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Jacob Sartorius

Jacob Sartorius’s path to fame has become an increasingly familiar story: teenaged internet sensation breaks out into mainstream pop stardom. But what sets the 14-year-old Virginian singer apart is his self-awareness and early career savvy. In 2014, Sartorius began uploading clips of himself singing and dancing to Vine. After amassing around 500,000 followers, he switched to musical.ly, where he began uploading videos of himself lip-synching to his own songs. Whereas Vine allowed him to show off his musical theatre background, musical.ly allowed him to show off even more of his lighthearted side. Musical.ly became a new way for him to promote his music and connect with his fans. Sartorius’s fan base has grown so large that he is currently touring internationally for the first time, across seven countries, in support of his debut EP, The Last Text. Georgie caught up with him by phone in London, England a day before he performed in front of 2,500 fans at the O2 Arena. In preparing for The Last Text World Tour, Sartorius has already started developing the work ethic necessary to endure major pop stardom. For 15 to 20 days leading up to the tour, he worked with his voice and movement coaches for up to ten

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Sudanese-American hip hop artist Oddisee is transparent about the intentions behind his EP, Alwasta, which he released online for free last March. “You give something to get something.” Alwasta complements his even more recent instrumental release, The Odd Tape (which followed in May), adding repertoire and hype to his current 30-date North American/European tour. Alwasta derives its title from the Arabic term “wasat.” The colloquialized form, “wasta,” loosely translates to “middleman” or a figure who possesses great social currency and who uses that wealth to connect members of their community. “A person has achieved social currency by being an influencer or someone who can come to the aid of others,” Oddisee explains. “It’s almost like a credit system. I’ve definitely been there for a lot of people, and I’m a person that everyone knows they can count on.” Oddisee can’t overstate the importance of wasta in funding the EP’s creation. “The whole album wouldn’t have come together without having wasta.” Vital personnel including his graphic designer, keyboard player Ralph Real, and friend who is an Arabic-English language teacher all returned his requests for services – album art, musical tracks, and translation – within 48 hours. “Social currency is something that I have an abundance of,”

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  Florida rapper J $tash is not just known for his music but also modelling for the likes of Bape, Colors Berlin and Kanye’s ‘Yeezy’ 3 collection. In addition to being signed to Rich Forever Music, J own’s his own label, Relax Rekords, which has dropped three different mixtapes of unhinged raps. We caught up with the American rapper in Montreal to fit him in some Vitange Frames while on tour. J $tash’s mixtape Hood Rich is streaming now, listen on Spotify.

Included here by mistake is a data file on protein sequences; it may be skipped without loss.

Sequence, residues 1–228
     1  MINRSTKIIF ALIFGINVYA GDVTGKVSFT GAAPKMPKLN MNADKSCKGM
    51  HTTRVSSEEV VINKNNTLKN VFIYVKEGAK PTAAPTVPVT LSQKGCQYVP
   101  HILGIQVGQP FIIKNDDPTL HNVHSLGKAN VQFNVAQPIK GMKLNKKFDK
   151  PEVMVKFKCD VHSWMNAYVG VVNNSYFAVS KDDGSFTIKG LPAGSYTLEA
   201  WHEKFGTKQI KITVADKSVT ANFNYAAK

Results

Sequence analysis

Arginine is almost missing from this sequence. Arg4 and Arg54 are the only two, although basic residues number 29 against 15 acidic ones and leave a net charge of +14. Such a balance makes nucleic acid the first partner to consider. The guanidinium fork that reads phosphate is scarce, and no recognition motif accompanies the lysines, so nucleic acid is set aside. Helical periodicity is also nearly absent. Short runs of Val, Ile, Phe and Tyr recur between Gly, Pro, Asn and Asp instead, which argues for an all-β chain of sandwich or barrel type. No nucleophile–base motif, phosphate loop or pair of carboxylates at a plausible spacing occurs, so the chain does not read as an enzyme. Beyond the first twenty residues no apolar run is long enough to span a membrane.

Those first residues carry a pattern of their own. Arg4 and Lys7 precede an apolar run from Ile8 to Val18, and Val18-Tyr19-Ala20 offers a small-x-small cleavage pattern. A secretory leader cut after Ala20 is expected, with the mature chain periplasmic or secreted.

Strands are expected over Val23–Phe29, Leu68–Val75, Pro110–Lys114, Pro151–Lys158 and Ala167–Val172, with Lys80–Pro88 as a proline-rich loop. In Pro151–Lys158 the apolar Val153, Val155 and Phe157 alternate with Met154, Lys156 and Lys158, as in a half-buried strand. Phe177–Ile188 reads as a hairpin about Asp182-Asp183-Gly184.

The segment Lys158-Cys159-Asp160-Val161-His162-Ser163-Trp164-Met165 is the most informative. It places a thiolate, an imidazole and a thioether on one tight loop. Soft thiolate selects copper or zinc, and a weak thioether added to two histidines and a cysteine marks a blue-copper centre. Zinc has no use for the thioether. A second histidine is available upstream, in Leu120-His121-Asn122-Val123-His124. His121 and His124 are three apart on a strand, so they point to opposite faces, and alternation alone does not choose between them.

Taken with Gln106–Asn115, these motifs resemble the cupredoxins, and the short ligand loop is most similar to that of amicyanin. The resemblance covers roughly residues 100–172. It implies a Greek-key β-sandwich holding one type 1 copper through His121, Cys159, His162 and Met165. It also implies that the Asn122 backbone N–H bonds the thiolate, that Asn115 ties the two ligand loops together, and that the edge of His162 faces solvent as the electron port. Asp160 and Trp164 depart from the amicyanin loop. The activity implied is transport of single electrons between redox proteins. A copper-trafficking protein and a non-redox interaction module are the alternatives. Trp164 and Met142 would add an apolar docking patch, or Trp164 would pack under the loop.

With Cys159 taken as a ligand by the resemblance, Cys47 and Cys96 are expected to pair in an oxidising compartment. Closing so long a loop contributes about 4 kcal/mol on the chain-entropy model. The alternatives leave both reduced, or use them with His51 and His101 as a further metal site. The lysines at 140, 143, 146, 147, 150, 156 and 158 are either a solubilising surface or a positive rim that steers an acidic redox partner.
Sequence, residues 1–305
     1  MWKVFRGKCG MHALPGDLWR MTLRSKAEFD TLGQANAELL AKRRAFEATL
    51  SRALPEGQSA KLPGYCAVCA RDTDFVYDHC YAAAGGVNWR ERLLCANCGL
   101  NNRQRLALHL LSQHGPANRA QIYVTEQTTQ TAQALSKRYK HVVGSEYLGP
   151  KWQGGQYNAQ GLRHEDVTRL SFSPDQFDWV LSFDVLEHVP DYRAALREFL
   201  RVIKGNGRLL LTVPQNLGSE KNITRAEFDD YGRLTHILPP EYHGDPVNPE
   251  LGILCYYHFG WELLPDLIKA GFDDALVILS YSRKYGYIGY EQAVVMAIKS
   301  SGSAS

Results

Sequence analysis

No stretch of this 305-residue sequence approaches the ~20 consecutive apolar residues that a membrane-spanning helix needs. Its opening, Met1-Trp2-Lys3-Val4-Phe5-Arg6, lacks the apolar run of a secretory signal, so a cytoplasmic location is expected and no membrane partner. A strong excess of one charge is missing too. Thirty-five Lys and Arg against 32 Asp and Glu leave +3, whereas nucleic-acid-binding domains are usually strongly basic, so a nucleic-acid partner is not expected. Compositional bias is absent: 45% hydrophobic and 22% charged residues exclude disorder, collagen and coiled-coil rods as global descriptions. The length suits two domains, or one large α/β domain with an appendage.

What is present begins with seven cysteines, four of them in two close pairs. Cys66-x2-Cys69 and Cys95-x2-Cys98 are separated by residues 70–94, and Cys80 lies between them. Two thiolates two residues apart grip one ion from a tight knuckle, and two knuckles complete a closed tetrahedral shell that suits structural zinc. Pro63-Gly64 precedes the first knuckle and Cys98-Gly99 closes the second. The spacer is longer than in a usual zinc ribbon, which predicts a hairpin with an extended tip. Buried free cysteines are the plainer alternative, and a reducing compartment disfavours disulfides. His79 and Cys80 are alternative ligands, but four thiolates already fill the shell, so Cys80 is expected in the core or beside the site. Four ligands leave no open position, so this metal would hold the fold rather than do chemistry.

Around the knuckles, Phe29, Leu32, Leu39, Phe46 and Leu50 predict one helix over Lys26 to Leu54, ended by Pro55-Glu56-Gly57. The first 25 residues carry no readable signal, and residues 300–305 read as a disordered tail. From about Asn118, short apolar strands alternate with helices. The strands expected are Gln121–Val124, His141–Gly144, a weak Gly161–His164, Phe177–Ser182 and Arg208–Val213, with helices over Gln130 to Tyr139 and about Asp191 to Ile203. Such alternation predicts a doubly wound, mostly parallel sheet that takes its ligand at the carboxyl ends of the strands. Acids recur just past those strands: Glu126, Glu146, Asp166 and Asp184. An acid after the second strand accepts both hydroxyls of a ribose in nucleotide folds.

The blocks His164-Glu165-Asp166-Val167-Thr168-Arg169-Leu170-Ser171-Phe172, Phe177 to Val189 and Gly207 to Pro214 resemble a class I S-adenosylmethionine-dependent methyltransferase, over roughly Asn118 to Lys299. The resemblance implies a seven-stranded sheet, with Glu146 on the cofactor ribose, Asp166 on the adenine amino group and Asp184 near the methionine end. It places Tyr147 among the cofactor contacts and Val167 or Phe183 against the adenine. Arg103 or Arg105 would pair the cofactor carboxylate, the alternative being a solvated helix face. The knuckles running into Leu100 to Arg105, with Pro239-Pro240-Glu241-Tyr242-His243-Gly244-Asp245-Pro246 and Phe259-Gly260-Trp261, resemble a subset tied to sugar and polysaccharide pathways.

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Actress, singer, entrepreneur and reality TV star, Christina Milian first tore up the charts in the early 2000s with songs like like “AM to PM” and “Dip it Low”. But in 2016, she wears many hats. Today, the “mom” hat takes precedence. She’ll have to drop off her daughter Violet’s homework at school because they forgot it at home, she says, over the phone from L.A. It’s a gorgeous March day and Milian’s enjoying this brief home stint between rehearsing and shooting in Toronto for Kenny Ortega’s remake of The Rocky Horror Picture Show, in which she plays Magenta, a domestic. Ortega threw his net wide for his cast, finding performers from Britain, the U.S. and Canada. “I guess they couldn’t find a Magenta,” says Milian. “The dancers suggested to him that he should check me out. From there, I got a phone call asking if I would even be interested – I’ve always been a fan of Rocky Horror. After that, it was just talking about getting into this character, but [Ortega] was just really free about it and creative, and I got to come right on-board and start working on it directly. It’s been fun learning my character

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Angel Haze has lived a life that most people couldn’t imagine living, much less understand. The young artist was raised in the Greater Apostolic Faith, which she’d sooner refer to as a cult than a community. She was raped between the ages of seven and ten while living in an insular environment that frowned upon communication with the outside world, including music. When she was 16, her family broke free of the church’s rules and relocated to Brooklyn, New York. It was then that Haze discovered music for the first time. “You can imagine not consuming something for such a long amount of time, and then feeling like a crazy, gluttonous hunger for it,” she says of her initial attraction to music. It wasn’t long before she decided to make it her career. In early mixtapes such as 2012’s Reservation and Classick, Haze confronts some of the sordid and desperate moments of her past, broaching topics like sexual abuse, depression, drug addiction and insecurities. She signed to Republic Records and released her debut album, Dirty Gold, in 2013, and then parted ways with the label in 2015 following a yearlong hiatus. Now, she’s recaptured control of her destiny, and has